The Dionysian Mystical Theology (Mapping the Tradition)

by Paul Rorem

Published Sep 01, 2015 by Fortress Press (September 1, 2015)

Price: $7.99

(Price last checked: 10/28/2020, 9:56 PM)

5 out of 5 on Amazon with 2
The Dionysian Mystical Theology introduces the Pseudo-Dionysian “mystical theology,” with glimpses at key stages in its interpretation and critical reception through the centuries. In part one, the elusive Areopagite’s own miniature essay, The Mystical Theology, is quoted in its entirety, sentence by sentence, with commentary. Its cryptic contents would be almost impenetrable without judicious reference to the rest of the Dionysian corpus: The Divine Names, The Celestial Hierarchy, The Ecclesiastical Hierarchy, and the ten Letters. Of special importance is the Dionysian use of negations in an “apophatic” theology that recognizes the transcendence of God beyond human words and concepts. Stages in the reception and critique of this Greek corpus and theme are sketched in part two: first, the initial sixth-century introduction and marginal comments (Scholia) by John of Scythopolis; second, the early Latin translation and commentary by the ninth-century Carolingian Eriugena and the twelfth-century commentary by the Parisian Hugh of St. Victor; and third, the critical reaction and opposition by Martin Luther in the Reformation. In conclusion, the Dionysian apophatic is presented alongside other forms of negative theology in light of modern and postmodern interests in the subject.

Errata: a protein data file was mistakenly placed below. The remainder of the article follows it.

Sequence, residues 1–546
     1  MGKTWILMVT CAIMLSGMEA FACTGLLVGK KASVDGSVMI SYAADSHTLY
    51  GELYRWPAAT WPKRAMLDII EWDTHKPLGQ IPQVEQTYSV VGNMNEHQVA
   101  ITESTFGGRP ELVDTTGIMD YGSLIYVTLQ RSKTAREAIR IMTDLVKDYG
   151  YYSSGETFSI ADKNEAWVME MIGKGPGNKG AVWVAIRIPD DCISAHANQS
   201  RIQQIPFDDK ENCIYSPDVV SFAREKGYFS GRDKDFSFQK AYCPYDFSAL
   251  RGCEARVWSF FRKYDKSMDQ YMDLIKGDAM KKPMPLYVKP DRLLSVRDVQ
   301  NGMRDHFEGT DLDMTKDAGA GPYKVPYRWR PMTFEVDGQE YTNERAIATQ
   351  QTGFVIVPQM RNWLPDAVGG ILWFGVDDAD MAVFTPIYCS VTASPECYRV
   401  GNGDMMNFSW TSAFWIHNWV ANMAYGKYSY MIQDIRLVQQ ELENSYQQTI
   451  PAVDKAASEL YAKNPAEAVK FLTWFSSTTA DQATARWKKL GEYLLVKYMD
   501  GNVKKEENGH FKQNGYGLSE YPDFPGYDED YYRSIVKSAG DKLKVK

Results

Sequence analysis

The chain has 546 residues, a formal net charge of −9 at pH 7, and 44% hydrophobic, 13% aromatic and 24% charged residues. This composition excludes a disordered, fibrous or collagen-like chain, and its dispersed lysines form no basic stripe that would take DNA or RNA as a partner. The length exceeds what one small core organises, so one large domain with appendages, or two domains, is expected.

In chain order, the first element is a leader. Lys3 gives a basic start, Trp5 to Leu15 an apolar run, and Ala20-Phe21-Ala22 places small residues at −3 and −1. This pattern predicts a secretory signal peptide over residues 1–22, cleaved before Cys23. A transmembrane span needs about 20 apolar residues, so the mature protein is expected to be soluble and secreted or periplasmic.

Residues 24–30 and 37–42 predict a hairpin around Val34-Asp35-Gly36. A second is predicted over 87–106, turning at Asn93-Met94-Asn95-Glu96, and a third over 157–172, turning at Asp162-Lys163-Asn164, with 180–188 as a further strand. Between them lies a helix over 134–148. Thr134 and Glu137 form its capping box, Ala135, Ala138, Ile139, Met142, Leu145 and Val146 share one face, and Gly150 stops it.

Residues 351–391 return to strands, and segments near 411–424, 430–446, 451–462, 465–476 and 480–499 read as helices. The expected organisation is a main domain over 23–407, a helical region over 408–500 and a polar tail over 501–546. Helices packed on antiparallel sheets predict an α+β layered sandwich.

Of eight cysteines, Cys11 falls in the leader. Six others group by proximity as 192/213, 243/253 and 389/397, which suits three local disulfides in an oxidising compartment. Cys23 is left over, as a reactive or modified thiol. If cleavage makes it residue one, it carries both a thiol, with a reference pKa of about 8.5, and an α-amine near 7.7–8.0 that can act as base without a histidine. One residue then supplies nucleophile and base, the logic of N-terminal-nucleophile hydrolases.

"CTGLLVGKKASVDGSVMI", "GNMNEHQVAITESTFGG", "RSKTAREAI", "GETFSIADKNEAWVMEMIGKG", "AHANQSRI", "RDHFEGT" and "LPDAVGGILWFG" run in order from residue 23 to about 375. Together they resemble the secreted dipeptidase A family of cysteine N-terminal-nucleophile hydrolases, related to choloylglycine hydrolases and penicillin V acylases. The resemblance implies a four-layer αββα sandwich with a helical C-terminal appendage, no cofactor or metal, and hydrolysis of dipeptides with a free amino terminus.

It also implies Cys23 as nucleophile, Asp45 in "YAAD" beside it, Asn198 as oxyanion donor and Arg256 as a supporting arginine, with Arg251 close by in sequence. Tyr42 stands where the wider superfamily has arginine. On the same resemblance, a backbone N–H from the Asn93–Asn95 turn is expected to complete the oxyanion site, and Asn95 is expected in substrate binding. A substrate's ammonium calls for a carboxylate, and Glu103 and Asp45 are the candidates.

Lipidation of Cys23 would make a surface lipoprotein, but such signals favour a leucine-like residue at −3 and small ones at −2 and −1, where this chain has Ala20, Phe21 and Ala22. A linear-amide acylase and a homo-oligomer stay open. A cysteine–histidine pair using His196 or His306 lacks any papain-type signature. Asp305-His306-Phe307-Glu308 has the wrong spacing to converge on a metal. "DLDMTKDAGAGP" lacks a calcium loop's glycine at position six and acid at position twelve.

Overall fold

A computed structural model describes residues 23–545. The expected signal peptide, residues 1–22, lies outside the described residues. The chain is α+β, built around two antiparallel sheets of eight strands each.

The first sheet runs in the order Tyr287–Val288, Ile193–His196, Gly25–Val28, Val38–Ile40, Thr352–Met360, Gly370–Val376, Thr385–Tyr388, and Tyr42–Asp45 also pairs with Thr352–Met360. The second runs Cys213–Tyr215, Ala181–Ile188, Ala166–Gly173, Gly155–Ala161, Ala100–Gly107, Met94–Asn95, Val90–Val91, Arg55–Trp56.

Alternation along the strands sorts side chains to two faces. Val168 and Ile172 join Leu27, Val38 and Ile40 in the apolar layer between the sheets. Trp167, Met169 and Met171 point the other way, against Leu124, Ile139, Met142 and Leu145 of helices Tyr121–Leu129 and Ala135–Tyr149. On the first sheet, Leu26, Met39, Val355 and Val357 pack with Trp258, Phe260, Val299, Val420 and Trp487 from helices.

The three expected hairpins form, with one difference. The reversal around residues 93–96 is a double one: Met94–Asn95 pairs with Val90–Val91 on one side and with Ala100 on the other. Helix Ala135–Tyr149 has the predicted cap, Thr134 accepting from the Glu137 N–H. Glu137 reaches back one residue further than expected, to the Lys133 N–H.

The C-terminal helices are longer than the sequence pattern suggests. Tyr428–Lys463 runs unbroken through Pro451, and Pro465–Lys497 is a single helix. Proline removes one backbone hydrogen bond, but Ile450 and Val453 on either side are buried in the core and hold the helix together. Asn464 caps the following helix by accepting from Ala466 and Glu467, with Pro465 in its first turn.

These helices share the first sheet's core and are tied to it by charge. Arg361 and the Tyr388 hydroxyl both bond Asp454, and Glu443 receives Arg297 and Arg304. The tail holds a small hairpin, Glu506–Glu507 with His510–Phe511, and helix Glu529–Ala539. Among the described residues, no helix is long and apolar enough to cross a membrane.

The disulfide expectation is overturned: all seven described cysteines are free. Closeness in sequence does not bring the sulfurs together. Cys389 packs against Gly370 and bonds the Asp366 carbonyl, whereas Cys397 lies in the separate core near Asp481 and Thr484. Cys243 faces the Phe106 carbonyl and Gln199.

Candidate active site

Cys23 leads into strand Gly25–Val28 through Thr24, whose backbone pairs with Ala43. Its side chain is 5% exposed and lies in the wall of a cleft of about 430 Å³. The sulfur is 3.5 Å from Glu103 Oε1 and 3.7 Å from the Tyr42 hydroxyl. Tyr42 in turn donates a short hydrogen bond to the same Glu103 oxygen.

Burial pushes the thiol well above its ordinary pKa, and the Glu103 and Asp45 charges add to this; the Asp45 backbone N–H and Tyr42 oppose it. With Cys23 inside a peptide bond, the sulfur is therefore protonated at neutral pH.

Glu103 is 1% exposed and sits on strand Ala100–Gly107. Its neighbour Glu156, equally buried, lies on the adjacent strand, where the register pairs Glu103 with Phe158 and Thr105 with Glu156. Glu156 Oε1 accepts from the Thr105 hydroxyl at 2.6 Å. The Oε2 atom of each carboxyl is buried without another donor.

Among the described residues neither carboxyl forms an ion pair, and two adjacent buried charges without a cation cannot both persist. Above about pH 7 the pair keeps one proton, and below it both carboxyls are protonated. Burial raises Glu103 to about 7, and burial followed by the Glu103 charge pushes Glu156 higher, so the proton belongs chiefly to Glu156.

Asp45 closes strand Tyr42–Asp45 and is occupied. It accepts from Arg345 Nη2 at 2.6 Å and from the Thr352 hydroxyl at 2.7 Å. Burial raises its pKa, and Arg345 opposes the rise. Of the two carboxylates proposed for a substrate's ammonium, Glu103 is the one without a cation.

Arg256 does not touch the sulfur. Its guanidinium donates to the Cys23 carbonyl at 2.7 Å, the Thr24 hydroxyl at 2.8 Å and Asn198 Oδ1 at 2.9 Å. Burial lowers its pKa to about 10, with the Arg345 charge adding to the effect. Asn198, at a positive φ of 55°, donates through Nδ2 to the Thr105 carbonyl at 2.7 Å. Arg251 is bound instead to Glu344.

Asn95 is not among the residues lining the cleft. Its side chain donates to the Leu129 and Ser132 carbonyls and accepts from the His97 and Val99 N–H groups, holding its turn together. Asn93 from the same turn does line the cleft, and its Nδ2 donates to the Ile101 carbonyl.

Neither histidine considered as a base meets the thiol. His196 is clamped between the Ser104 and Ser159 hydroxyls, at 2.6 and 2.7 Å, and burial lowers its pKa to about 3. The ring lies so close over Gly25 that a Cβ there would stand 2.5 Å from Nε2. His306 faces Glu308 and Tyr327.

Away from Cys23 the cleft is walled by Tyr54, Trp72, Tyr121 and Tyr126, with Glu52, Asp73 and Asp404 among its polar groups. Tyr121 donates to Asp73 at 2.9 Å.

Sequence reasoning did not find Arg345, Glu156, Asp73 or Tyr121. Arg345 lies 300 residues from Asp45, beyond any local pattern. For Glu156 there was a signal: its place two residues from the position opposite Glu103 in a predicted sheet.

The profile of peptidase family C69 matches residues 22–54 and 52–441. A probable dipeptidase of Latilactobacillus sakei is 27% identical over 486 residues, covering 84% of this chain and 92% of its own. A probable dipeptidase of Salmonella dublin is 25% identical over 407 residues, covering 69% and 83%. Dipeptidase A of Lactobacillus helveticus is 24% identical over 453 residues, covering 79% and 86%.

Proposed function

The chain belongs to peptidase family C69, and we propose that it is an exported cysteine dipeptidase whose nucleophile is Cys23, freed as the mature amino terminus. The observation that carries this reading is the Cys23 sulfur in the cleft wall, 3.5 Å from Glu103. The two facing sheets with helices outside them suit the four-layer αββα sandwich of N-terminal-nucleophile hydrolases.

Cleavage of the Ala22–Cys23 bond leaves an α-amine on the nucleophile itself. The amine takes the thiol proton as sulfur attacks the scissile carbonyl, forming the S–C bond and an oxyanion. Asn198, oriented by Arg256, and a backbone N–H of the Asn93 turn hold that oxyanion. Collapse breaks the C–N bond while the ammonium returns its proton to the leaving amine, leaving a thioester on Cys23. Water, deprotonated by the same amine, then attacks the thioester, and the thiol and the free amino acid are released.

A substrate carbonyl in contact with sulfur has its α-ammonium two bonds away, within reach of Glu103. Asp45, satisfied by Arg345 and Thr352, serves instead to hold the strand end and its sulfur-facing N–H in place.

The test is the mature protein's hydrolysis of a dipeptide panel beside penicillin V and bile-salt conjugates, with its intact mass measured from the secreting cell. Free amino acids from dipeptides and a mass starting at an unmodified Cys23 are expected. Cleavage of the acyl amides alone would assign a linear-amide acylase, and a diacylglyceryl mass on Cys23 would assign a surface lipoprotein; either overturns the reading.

Editorial Reviews


Some recent BookSniffer blog posts…

Are You Afraid of the DARK?

Are You Afraid of the DARK?

by: Theresa Jacobs, zombie slayer Horror writers shine the brightest during the dark days of October as everyone gets in the mood for ghouls, witches, and ghosts. The best part about horror is the myriad of scares to choose from. Writers from every walk of life long...

Sweet and… Naughty

Sweet and… Naughty

by: M.K. Chester “He's more myself than I am. Whatever our souls are made of, his and mine are the same.” ― Emily Brontë, Wuthering Heights As it’s Naughty November, talking about sweet romance might seem out of place. I beg to differ. My mother was watching a...

BookSniffer.com is an Amazon Associate. We earn a commission on qualified purchases. Thanks for sniffing some books with us!

The BookSniffer name and logos are trademarks of BookSniffer, Inc. Patents Pending.